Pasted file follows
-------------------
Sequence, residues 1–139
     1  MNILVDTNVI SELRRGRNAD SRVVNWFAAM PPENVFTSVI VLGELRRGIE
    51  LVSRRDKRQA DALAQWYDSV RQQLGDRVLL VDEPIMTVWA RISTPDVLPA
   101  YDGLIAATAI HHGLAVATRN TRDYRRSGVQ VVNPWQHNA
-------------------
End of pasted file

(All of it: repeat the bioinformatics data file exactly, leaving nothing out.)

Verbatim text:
Sequence, residues 1–139
     1  MNILVDTNVI SELRRGRNAD SRVVNWFAAM PPENVFTSVI VLGELRRGIE
    51  LVSRRDKRQA DALAQWYDSV RQQLGDRVLL VDEPIMTVWA RISTPDVLPA
   101  YDGLIAATAI HHGLAVATRN TRDYRRSGVQ VVNPWQHNA